Category Archives: Book roundup

New Book: Flamboyant Architecture and Medieval Technicality: The Rise of Artistic Consciousness at the End of Middle Ages (c. 1400 – c. 1530), Jean-Marie Guillouët

Flamboyant Architecture and Medieval Technicality: The Rise of Artistic Consciousness at the End of Middle Ages (c. 1400 – c. 1530)

By Jean-Marie Guillouët

xviii + 200 p., 70 b/w ills, 43 colour ill., 216 x 280 mm, 2019

ISBN 978-2-503-57729-6

More Info: http://bit.ly/2lB7Y76

This book seeks to further our understanding of the socio-genesis of artistic modernity by turning to microhistory. It explores a late-medieval decorative procedure that emerged and spread in northern and central France from the early fifteenth century to the start of the following century. Using the well-known miniature, the Building of Solomon’s Temple in Jerusalem from the fifteenth-century codex of Les Antiquités judaïques as a starting point, this study deals with architecture and technical knowledge of builders. This investigation unpacks and reveals many aspects of the technical and visual culture of late medieval craftsmen and artists. The virtuosic skills these artisans displayed are worthy of inclusion in the development of technical practices of Flamboyant Gothic architecture. They also reflect broader cultural and social configurations, which go far beyond the history of building. This micro-historical perspective on what can be called “hyper-technical” Gothic contributes to our appreciation of the role of technical mastery in establishing social hierarchies and artistic individuation processes during the Late Middle Ages and Early Modern period.

Jean-Marie Guillouët was trained at the Sorbonne (Paris-IV) where he began his teaching career. Since 2002, he is a professor at the University of Nantes and was also in charge of the Medieval Studies section of the Institut National d’Histoire de l’Art (INHA), between 2008 and 2012. His principal field is fourteenth- and fifteenth-century sculpture and architecture in France and Portugal, but he also works on artistic and cultural interchanges in Gothic Europe. He has recently published several studies relating to microarchitecture in flamboyant Gothic and late medieval construction techniques as well as several books and papers on artistic production of the Late Middle Ages with a particular focus on sculpture and architecture. He is currently working on the social and cultural history of the technical gesture in late medieval craftsmanship. Since 2016, he is the scientific secretary of the Comité International d’Histoire de l’Art (CIHA).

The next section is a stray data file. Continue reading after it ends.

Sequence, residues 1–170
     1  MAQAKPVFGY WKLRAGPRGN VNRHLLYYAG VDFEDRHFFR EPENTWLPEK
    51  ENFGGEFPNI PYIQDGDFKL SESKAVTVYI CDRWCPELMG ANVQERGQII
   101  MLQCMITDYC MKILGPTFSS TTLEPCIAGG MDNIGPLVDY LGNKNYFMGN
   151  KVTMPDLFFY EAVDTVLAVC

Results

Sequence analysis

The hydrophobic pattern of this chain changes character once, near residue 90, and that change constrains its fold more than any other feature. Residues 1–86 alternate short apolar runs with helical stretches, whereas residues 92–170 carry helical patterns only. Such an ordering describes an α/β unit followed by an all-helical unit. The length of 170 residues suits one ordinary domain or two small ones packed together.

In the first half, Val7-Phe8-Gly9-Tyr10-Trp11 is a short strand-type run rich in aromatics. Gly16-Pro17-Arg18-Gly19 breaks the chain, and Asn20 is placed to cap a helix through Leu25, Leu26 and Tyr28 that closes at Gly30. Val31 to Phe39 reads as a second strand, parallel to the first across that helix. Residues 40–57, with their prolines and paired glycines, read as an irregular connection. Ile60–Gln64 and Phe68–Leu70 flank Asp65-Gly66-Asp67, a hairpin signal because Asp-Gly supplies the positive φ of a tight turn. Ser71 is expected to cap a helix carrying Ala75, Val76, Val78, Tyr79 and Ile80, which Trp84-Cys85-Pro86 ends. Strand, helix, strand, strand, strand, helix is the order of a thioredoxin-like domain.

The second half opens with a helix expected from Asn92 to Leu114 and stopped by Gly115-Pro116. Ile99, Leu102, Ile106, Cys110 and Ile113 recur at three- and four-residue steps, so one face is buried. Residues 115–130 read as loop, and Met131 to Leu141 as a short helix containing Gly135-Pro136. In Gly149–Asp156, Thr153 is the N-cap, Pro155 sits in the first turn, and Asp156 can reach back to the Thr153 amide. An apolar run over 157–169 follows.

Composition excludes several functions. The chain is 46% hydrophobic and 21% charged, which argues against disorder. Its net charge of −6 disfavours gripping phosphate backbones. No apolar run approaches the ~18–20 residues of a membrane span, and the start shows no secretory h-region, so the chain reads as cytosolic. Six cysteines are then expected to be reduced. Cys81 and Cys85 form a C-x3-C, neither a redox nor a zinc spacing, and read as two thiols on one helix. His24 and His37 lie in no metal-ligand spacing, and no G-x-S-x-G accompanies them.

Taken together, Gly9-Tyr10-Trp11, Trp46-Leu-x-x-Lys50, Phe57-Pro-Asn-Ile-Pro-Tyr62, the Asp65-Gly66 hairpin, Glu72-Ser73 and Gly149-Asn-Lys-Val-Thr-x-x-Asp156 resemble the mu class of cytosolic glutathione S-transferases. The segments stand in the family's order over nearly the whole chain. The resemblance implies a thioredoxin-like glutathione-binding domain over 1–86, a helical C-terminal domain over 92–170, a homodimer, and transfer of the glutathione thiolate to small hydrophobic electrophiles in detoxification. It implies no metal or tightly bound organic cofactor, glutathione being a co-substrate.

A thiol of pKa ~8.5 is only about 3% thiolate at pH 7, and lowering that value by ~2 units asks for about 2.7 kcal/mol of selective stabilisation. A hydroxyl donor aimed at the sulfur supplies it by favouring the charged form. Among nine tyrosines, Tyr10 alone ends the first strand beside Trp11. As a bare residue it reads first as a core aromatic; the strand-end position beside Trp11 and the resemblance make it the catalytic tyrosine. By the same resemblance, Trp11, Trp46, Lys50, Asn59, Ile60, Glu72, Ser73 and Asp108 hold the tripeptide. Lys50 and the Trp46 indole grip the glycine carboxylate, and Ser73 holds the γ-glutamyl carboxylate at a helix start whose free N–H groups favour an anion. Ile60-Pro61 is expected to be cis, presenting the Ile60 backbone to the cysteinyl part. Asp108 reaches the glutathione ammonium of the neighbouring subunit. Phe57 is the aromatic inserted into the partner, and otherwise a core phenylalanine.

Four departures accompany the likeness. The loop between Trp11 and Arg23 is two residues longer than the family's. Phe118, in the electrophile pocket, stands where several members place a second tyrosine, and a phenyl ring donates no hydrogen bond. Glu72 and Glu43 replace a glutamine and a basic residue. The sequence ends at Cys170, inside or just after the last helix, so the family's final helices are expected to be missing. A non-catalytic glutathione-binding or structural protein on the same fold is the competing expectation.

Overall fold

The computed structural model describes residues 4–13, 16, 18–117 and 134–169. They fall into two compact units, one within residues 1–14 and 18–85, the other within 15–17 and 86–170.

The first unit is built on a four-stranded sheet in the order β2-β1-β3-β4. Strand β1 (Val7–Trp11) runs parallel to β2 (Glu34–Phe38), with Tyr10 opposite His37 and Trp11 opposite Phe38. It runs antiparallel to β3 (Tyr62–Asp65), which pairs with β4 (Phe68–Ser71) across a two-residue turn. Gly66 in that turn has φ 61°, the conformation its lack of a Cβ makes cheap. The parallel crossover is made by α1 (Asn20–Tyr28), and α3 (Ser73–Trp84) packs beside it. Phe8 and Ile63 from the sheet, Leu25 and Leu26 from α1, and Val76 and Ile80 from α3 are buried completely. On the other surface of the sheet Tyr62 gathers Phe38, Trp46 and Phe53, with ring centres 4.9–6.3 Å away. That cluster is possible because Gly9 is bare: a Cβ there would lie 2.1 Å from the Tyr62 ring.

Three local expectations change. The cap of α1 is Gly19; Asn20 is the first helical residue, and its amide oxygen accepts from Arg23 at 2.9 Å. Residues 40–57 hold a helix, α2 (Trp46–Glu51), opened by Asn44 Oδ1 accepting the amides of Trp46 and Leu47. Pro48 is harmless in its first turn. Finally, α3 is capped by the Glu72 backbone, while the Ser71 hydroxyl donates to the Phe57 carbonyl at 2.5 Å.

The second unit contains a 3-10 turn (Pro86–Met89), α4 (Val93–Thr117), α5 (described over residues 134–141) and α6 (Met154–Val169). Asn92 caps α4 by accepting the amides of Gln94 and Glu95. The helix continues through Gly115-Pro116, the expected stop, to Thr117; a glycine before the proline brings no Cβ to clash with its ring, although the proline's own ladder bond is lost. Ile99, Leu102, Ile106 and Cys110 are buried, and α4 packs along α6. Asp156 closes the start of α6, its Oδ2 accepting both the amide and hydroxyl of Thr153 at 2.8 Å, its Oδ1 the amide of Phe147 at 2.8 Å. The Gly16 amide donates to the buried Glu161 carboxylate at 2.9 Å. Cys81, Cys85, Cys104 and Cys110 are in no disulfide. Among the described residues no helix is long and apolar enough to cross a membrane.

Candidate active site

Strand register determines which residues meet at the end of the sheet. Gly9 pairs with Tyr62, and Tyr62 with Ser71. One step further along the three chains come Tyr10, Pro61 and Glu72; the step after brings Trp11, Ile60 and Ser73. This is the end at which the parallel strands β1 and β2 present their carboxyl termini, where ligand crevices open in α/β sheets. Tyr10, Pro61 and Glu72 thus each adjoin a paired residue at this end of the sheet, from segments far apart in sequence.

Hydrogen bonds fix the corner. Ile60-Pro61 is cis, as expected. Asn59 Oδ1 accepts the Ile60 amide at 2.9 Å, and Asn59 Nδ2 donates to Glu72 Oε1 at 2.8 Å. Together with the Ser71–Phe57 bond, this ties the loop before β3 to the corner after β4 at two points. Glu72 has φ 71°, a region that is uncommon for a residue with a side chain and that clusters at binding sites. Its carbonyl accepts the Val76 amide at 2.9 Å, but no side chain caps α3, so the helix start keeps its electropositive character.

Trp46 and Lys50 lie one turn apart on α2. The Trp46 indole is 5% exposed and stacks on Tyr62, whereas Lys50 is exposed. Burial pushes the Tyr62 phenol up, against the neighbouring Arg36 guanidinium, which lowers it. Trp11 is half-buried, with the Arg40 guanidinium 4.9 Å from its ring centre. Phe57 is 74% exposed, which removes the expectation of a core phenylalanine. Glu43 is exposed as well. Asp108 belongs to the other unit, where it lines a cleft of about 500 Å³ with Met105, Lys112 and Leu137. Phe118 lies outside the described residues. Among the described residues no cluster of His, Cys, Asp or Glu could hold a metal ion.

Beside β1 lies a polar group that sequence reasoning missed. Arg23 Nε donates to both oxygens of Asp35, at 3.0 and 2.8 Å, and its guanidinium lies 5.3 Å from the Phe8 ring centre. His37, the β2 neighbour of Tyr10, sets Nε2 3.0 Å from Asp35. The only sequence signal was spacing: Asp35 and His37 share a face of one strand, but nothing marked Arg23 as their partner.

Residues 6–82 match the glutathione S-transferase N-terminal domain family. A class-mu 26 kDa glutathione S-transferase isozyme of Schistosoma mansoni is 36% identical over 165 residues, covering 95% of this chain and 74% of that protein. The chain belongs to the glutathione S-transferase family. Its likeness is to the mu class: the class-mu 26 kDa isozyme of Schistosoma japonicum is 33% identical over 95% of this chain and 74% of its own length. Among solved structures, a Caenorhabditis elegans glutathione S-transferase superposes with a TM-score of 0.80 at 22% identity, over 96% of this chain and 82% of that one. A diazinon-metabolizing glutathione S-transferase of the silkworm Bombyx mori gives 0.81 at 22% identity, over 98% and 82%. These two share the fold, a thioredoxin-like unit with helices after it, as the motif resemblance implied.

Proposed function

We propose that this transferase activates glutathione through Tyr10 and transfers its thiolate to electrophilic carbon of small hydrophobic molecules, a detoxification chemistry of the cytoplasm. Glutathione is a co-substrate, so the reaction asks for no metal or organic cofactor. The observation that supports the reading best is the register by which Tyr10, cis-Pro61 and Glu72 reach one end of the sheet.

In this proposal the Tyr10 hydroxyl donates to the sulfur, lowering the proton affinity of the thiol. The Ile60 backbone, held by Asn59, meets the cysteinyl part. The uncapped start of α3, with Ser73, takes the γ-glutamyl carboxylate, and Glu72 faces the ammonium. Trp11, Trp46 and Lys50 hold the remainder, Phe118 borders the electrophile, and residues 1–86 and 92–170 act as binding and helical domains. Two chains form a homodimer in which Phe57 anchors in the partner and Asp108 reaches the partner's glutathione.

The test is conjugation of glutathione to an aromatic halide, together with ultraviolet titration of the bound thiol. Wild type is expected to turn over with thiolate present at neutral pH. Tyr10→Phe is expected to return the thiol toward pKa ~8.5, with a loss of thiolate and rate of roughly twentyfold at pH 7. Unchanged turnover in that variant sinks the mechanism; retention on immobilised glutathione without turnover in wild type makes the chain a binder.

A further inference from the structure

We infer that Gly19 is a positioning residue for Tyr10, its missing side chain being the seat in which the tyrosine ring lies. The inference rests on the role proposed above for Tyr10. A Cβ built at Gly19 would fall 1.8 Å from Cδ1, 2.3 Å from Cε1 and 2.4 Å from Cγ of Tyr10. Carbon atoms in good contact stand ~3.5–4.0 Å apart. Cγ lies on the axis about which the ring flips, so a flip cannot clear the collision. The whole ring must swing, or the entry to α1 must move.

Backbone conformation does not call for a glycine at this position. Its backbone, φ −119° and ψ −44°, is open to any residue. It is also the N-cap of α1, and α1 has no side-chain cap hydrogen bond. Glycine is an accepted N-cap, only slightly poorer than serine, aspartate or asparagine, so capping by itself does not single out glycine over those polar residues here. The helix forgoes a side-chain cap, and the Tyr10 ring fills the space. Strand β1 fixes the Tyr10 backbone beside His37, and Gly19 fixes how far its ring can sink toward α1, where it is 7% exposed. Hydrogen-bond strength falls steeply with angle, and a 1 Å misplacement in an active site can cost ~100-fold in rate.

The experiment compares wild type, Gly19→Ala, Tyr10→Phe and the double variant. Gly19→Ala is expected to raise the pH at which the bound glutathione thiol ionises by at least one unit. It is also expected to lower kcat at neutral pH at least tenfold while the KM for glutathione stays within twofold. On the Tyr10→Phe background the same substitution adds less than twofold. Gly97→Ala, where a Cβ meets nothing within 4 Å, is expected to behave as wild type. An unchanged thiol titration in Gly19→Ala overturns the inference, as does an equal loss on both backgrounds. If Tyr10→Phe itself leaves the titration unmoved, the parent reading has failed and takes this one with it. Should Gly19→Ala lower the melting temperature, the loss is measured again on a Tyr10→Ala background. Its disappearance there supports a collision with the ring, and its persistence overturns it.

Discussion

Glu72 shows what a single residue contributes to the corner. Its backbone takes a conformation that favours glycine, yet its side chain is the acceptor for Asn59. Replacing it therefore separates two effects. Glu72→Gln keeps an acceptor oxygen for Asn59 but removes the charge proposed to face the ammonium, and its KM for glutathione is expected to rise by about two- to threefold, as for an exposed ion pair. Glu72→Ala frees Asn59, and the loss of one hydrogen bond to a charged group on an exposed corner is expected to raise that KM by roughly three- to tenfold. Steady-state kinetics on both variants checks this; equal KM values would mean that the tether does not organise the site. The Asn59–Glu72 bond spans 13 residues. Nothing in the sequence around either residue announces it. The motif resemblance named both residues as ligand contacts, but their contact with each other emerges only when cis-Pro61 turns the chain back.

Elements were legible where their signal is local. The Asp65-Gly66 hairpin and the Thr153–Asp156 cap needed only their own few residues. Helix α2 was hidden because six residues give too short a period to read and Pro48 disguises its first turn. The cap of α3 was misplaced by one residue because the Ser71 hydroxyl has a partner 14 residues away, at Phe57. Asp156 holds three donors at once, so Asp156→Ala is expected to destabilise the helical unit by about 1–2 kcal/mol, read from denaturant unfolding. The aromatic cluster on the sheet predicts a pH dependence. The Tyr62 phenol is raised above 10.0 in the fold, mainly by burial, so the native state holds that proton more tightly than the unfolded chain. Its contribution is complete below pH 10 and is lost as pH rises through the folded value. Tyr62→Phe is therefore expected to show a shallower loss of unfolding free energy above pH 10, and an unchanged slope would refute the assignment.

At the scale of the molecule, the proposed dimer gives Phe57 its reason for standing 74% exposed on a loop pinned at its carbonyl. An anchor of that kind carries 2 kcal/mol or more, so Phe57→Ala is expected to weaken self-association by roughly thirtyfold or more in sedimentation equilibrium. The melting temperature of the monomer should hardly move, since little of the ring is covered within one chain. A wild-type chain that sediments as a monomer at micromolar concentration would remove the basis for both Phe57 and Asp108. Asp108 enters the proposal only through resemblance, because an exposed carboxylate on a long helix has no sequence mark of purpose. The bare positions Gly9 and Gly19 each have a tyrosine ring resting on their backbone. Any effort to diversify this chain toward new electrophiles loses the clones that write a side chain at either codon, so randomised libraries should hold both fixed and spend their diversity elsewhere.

Table of Contents

Introduction

  1. TechnicalSavoir-Faireas Historical Topic
    Observations on a well-known Illumination
    Nantes, Tours and the Master of the Munich Boccaccio
    Representation of a technical Gesture and Jean Fouquet’s Heritage
    A French 15th-Century sculptural savoir-faire
    Late Medieval Gothic Building Sites and Technical Innovations
    First Conclusions
  2. Slate Inlay: A Technical History
    Functional Constraints
    Hollowed out blocks for Inlay
    The Practice of Preparatory Tracing
    Installation in the Archivolts
    An Operational Change at the Beginning of the 15th Century
    An Interruption in the History of Technique: Auxerre
    The Consequences of a new stereotomic System
    Choices of Stone Types
    Conclusions on Implementation
  3. Social History of a Skill
    Traces and Remains of a Valued Procedure
    The Practical Geometry of a Building Site at the End of the Middle Ages and its Tools
    The Tools and their Uses
    The Prevalence of the Square
    The insignological Uses of the Compass
    The Incisions at Tours and Rouen as Illustrations of Construction Practices
    Workers with Stone: social History of a Technique
    Masons and Sculptors
    Stone-cutters and Carvers of Images
    The Socio-Professional Distinction of the Creators of the Canopies – the Case of Bourges
    Technical One-upmanship and Informal Hierarchies at a Building Site
  4. Microarchitecture and Represented Space
    Architecture and Represented Space
    Towards 1400 in Central/Middle France: a Rupture
    Microarchitecture as a Locus
    Slate Inlay and the Depth of Fictive Space
    Baldachins, Canopies and Late-Medieval Sacral Regimes
    Monumental Syntax toward “Architectural Wit”
  5. Virtuosity,Varietasand Captatio benevolentiae
    Slate or Glass Insertion, Admiratio and Varietas
    Material and Colour Contrasts during the Late Middle Ages
    An Incunabula of c. 1400
    Slate Inlay as a “Technology of Enchantment”
    Late Gothic Art: A Hyper-Technical Cultural Regime
  6. Conclusion

Bibliography

Colour Plates

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New Book: Practical Horsemanship in Medieval Arthurian Romance